PubDate: Mon, 28 Mar 2022 06:24:01 +000
      DOI: 10.1016/j.ijhm.2016.03.005
  • The Role of Digital Platforms in Resident-Centric Housing Concepts

    • Authors: TIM Review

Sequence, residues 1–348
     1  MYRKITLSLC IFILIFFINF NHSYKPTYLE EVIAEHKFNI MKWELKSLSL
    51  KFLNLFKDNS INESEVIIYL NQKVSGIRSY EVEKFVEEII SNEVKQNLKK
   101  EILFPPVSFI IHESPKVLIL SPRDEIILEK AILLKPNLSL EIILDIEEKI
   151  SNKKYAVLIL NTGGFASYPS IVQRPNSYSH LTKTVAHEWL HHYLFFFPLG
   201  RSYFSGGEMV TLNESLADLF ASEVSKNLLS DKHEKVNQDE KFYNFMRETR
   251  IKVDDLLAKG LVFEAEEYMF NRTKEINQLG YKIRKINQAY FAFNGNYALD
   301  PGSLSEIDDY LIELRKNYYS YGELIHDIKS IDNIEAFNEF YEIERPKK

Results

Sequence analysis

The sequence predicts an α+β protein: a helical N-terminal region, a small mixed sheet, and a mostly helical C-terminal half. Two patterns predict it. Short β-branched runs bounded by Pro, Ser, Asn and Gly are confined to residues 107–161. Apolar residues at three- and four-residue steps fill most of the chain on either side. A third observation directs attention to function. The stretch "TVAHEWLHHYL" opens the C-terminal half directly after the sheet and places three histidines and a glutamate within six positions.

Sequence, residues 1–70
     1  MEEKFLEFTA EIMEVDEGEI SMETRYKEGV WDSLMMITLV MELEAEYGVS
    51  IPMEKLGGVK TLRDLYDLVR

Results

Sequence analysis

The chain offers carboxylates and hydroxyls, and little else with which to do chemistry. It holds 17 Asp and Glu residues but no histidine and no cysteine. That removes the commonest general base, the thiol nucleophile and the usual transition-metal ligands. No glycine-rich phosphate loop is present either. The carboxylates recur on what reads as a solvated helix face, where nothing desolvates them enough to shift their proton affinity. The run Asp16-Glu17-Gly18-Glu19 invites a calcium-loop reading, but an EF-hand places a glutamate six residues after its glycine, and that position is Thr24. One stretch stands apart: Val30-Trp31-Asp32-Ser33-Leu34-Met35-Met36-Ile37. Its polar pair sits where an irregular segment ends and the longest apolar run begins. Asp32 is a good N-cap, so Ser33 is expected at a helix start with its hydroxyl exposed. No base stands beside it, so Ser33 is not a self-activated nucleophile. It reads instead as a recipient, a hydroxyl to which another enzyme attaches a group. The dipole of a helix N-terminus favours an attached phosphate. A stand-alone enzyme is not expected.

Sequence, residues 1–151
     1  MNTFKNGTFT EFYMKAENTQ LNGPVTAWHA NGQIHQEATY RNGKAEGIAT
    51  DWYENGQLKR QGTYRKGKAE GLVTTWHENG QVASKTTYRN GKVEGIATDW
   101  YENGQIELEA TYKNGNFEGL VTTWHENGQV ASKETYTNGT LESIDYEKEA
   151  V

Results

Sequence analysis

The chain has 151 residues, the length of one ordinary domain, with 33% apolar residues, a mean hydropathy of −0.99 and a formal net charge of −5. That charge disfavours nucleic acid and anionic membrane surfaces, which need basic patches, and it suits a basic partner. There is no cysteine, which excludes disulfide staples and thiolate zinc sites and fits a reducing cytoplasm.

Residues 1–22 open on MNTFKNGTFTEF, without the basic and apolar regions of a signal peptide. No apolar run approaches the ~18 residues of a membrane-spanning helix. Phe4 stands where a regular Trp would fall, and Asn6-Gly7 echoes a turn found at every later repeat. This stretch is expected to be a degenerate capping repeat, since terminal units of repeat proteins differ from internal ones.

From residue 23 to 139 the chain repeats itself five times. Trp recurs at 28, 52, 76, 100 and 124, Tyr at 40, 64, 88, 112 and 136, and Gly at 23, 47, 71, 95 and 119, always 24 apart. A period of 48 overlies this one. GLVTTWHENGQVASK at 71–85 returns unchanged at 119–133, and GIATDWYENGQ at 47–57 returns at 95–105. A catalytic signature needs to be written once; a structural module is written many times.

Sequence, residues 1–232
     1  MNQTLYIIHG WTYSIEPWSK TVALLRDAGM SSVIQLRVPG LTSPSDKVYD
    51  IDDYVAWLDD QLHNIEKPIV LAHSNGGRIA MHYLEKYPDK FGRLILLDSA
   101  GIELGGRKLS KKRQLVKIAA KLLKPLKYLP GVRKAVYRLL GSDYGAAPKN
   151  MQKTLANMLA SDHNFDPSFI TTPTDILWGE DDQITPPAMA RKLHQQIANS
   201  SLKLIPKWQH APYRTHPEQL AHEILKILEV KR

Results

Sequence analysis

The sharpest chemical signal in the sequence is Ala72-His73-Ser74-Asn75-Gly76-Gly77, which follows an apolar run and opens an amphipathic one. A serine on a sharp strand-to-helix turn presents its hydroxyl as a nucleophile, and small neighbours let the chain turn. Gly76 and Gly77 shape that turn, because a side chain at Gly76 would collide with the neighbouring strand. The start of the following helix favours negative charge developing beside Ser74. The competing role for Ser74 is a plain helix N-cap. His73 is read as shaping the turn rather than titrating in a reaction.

Abstract: So we have to be idealists, in a way — because then we wind up as the true, the real realists.Viktor Frankl (1905-1997)IntroductionMegatrends such as aging, urbanization, sustainability, digitalization, and communality are reflected in the diverse needs and expectations of housing. In addition, servitization and changing consumer habits constitute significant drivers of change in housing-related industries (Siltaloppi, 2015). Our homes and living environments have also become a part of our self-realization. In their daily lives, people look for new ways to acquire and co-produce the services they need, for instance enabled by a sharing economy and related platforms (Acquier et al., 2019). Meanwhile, housing residents are understood as playing active roles in value co-creation, while companies adopt networked and data-driven value creation logic (Lusch & Nambisan, 2015; Siltaloppi, 2015; Vargo & Lusch, 2016). These trends enable opportunities to challenge established value creation logic and industrial boundaries between construction and residential service businesses, by means of more demand-driven and agile service models enabled by digital platforms.This also creates a huge challenge across industries, in both B2C and B2B markets. In construction and residential contexts, profound transformation in value creation and capture logic is required to align with servitization: First, a shift from transactional business models towards service- and customer-orientated business models (Siltaloppi, 2015; Xu et al., 2019; Mikkola et al., 2020); and second, a shift towards more networked and data-driven business models that build on the platform economy (Leminen et al., 2018; Maxwell, 2018; Woodhead et al., 2018; Xu et al., 2019; Lappalainen & Federley, 2020). The ongoing changes primarily relate to the expansion and diversification of the construction and real estate services industries, as new innovative service models and actors emerge alongside traditional actors and roles to challenge established operating and thinking patterns. The construction phase is crucial from the life cycle building perspective and related data-driven value creation opportunities. Yet, there remains a kind of ecosystem gap in terms of different actors, governance, and shared logic between construction and other life cycle phases of buildings, such as use, operation, maintenance and renovation (Xu et al., 2019; Mikkola et al., 2020). Further, research has still concentrated on firm-level service innovations, but not as much on the impact of changing business models on the operation and composition of business ecosystems (Petrulaitiene et al., 2017; Leminen et al., 2018; Lappalainen & Federley, 2020).While data-driven value creation opportunities for a platform economy in residential housing contexts are largely untapped and unstudied, the purpose of this article is to examine what kind of value creation opportunities digital platforms enable in housing concepts and related ecosystems. This study adopts a service-dominant logic approach to the housing context (Vargo & Lusch, 2016). It offers a holistic view on housing, comprised of promoting multi-sided value creation and optimal integration of resources between actors. The study focuses on comprehensive housing concepts that combine physical, social, and digital solutions provided by a local service ecosystem. Digital solutions and platforms are developed to make service exchange and shared resources easily available for residents, but also to support further development and new value co-creation opportunities, for example, through network effects.The paper adopts a networked and systemic perspective in particular to narrow the research gap highlighted in recent studies (Fehrer et al., 2018; Leminen et al., 2018). We define platform ecosystems theoretically according to “design” and “co-evolutionary” perspectives. We elaborate a conceptual platform design framework based on the literature (Parker et al., 2016; Täuscher & Laudien, 2018; Tura et al., 2018; Sorri et al., 2019; Hein et al., 2020; Isckia et al. 2020) and apply it for analyzing empirical findings from a multi-case study of holistic housing concepts. In the next section, we present the theoretical background, followed by the methodology and case descriptions of the empirical study. The article continues with a summary of the main findings and ends with a discussion and conclusion, including implications, limitations, and suggestions for further research.Theoretical Background  Housing as a service platform - framed by service innovation concept of S-D logicDriven by service-dominant (S-D) logic, “service innovation” can be defined as complex network- and information-centric value co-creation by resource re-bundling in novel ways among beneficiaries (Lusch & Nambisan, 2015). S-D logic and taking a broader view of service innovation have inspired scholars across disciplines to also examine more specific mechanisms of data-driven service innovation that have been enabled by advanced technologies (Lehrer et al., 2018; Kugler, 2020). However, in the housing context, the S-D logic approach to studying innovative service concepts still seems rather unknown, and with a particular lack of empirical research (Siltaloppi, 2015; Lappalainen & Federley, 2020).Lusch and Nambisan (2015) suggested a tripartite service innovation framework, comprised of service platforms, value co-creation processes, and servi...